August 3, 2011

It's body switch time again, with extra bathroom 'humor'

In 'The Change-Up,' overlong meets overly obvious, and raunchy is just raunchy.

By ROGER MOORE McClatchy Newspapers

The comedy envelope has been pushed, pulled, twisted and torn during this current run of smash hit R-rated sex comedies. But "The Change-Up," the punctuation at the end of the summer of "Bridesmaids," "Bad Teacher" and "Friends With Benefits," dares to ask and answer the question that's been out there since "The 40 Year-Old Virgin" and "Wedding Crashers" kicked off the craze:

Jason Bateman
click image to enlarge

Jason Bateman in a scene from “The Change-Up.”

Universal Pictures

REVIEW

“THE CHANGE-UP.” Starring Ryan Reynolds, Jason Bateman, Leslie Mann, Olivia Wilde, Alan Arkin
Directed by David Dobkin. Rated R for pervasive strong crude sexual content and language, some graphic nudity and drug use. Running time: 1:53

How far is too far, and when does amusingly raunchy just seem coarse?

I'd say any time you've filmed a script with the phrase "projectile pooping" you've arrived at crass. Baby diapering scenes? Sure. Let's turn them bottom's up and see -- in close, anatomical detail -- what pops out. And adults leave little to the bathroom imagination either in this cute and crude romp through the merits of married life as opposed to single life, and vice versa.

"Change-Up" is an adult variation on the old body-switch idea, a "Freaky Friday" with a dose of the freaky deaky. Jason Bateman is Dave, a nose-to-the-grindstone lawyer whose marriage has become a series of "your turn" diaper changes (three kids, twin infants among them) and drives to and from school and after school activities. He's married to Jamie, played by the vulnerable yet hilariously brassy and bossy Leslie Mann.

Somehow Dave has stayed friends with his polar opposite. Mitch (Ryan Reynolds, channeling his "Van Wilder" past) is a slacker, a pothead actor and womanizer, irresponsible in the extreme and given to shouting inappropriate profanity at Dave's tiny kids and into Dave's speaker phone at the office.

A night of drinking leads them to a shared moment at the urinal -- in this case, an ornate fountain in one of Atlanta's parks. They kvetch. They complain. Next thing you know, they've said "I wish I had your life" and they've switched bodies.

The humor here comes not so much from the Jon Lucas-Scott Moore script or David "Fred Claus" Dobkin's perfunctory direction of it, but in seeing Bateman, the master of the buttoned-down introverted slow burn, take on the hyper patter of Reynolds. As he fakes his way through the day, we see Dave as a bad lawyer, bad husband and bad father.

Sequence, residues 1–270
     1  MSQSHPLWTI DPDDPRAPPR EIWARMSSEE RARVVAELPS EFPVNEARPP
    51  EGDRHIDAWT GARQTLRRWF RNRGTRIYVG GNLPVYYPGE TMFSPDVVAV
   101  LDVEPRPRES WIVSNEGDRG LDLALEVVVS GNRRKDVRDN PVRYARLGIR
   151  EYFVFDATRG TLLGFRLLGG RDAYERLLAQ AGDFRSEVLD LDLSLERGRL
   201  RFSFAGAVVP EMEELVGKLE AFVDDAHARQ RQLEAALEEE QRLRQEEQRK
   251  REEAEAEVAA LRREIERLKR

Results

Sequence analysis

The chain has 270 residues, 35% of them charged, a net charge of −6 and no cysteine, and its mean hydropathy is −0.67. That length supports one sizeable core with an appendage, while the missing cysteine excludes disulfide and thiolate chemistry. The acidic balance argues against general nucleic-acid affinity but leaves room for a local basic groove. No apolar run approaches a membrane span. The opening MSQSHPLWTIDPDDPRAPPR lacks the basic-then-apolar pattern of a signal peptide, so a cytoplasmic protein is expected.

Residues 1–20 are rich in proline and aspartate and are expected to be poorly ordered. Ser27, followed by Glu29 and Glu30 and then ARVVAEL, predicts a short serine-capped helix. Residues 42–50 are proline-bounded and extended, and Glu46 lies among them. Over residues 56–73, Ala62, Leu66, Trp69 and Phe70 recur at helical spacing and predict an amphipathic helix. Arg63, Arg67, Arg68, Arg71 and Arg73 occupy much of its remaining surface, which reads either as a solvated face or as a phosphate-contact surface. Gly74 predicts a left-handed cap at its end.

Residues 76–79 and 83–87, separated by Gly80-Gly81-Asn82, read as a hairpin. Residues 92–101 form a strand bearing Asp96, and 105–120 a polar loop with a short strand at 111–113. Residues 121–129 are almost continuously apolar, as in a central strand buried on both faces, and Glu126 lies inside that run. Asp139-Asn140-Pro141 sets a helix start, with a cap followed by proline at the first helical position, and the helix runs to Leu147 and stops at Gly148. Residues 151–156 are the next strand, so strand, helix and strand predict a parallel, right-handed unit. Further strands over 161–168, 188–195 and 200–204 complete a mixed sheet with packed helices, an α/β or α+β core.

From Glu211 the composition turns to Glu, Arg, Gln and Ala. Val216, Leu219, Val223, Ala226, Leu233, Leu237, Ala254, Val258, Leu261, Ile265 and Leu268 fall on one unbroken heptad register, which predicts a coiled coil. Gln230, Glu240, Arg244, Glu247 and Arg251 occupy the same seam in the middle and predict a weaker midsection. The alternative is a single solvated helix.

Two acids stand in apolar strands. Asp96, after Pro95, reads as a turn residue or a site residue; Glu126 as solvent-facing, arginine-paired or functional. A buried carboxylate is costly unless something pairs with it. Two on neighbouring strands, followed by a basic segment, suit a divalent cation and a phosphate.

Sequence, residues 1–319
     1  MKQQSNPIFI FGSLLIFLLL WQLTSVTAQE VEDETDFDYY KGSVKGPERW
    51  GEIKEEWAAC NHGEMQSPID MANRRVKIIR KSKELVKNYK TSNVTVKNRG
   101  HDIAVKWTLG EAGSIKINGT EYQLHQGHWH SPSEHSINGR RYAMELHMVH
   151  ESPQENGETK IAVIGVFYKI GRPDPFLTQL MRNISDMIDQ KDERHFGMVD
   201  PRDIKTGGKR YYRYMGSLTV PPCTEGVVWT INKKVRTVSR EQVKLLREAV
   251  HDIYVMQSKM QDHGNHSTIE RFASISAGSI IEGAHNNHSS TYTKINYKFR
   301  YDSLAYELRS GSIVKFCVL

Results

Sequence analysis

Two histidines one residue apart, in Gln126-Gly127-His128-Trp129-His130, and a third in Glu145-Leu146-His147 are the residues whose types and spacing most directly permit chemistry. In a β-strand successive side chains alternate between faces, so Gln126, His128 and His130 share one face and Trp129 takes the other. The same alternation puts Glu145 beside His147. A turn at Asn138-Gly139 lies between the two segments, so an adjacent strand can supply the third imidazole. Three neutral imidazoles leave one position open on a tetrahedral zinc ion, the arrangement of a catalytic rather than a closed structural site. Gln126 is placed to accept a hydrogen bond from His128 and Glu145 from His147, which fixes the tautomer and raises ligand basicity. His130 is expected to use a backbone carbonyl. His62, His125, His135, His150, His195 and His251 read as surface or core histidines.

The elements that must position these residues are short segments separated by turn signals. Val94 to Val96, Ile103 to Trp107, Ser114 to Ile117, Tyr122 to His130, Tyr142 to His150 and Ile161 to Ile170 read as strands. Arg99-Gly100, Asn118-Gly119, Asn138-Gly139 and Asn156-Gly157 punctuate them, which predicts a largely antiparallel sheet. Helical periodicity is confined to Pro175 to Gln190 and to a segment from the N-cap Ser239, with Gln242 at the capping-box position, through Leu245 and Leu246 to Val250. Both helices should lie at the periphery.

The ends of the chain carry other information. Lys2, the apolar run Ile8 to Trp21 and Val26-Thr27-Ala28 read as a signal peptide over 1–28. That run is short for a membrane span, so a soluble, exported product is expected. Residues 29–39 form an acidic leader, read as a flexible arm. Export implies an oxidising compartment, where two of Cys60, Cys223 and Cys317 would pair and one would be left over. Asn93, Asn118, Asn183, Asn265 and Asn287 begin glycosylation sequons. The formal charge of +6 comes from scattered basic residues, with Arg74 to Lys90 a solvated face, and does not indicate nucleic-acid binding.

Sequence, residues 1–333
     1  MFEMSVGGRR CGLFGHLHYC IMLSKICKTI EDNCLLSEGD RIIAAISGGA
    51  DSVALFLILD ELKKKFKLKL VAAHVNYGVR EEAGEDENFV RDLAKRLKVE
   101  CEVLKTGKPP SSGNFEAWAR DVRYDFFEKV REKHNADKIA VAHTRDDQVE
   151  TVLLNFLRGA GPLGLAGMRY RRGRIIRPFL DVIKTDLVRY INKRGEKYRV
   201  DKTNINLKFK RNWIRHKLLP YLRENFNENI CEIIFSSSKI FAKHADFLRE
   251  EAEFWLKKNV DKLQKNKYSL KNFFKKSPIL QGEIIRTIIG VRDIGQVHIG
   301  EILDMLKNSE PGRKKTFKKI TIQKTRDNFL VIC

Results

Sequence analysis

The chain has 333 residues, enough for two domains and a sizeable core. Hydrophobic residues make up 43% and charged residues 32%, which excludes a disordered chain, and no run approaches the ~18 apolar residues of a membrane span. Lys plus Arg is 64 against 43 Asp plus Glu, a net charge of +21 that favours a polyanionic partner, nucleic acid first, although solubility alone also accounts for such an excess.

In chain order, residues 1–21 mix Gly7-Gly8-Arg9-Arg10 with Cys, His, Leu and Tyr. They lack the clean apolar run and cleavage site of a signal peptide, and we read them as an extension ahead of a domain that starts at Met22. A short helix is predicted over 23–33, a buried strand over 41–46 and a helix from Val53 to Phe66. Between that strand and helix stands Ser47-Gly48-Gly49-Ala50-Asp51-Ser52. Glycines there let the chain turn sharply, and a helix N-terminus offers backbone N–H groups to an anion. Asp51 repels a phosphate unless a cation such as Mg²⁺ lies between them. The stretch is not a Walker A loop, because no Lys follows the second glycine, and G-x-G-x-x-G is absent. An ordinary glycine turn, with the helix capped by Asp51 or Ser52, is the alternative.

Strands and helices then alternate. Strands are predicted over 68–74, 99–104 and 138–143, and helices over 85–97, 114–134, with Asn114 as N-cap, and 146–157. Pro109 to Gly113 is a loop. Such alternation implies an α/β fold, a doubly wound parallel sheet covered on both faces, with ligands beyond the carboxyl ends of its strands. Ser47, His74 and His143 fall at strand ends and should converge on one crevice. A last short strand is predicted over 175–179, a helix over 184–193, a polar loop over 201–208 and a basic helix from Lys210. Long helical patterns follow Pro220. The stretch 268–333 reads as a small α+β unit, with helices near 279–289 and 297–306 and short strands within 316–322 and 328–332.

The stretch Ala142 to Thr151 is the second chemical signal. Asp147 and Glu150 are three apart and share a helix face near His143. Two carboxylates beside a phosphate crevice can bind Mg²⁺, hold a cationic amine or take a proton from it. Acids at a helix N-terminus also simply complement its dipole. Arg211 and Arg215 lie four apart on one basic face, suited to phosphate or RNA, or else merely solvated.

His daughter's getting tripped at ballet? Trip her back. "Always solve your problems with violence!"

Dave, who looks like Mitch, must take on the actor's next role -- reluctantly. He must deal with Mitch's semi-estranged dad (Alan Arkin, given nothing funny to play). And Mitch, who looks like Dave, must cope with the big business deal his firm has been working on and fight Dave's ongoing crush on the office hottie, played by Olivia Wilde as a sexy, smart vamp. She doesn't have the funny or the touching scenes Mann delivers in her wife-and-mother role, but then, Wilde has yet to earn them.

Bateman has the more fun role and makes more of the transition. We don't get nearly enough of the pitter-patter of Reynolds in the early scenes to make up for how mild-mannered and in-over-his-head he has to play (not nearly as funny) as he takes on Bateman's acting-as-reacting shtick.

Nudity, sex, raw language and trips to the toilet -- while fitfully amusing -- are here simply for the shock value. This overlong and overly obvious movie has little flow to it, no comic momentum to take us to the ending we see coming pretty much right at the beginning.

Yes, it's a body-switch comedy where each character "learns" about himself and the other guy's life and is the better for it. The trouble with "The Change-Up" is that it doesn't change-up enough of the formula to render this new.

 

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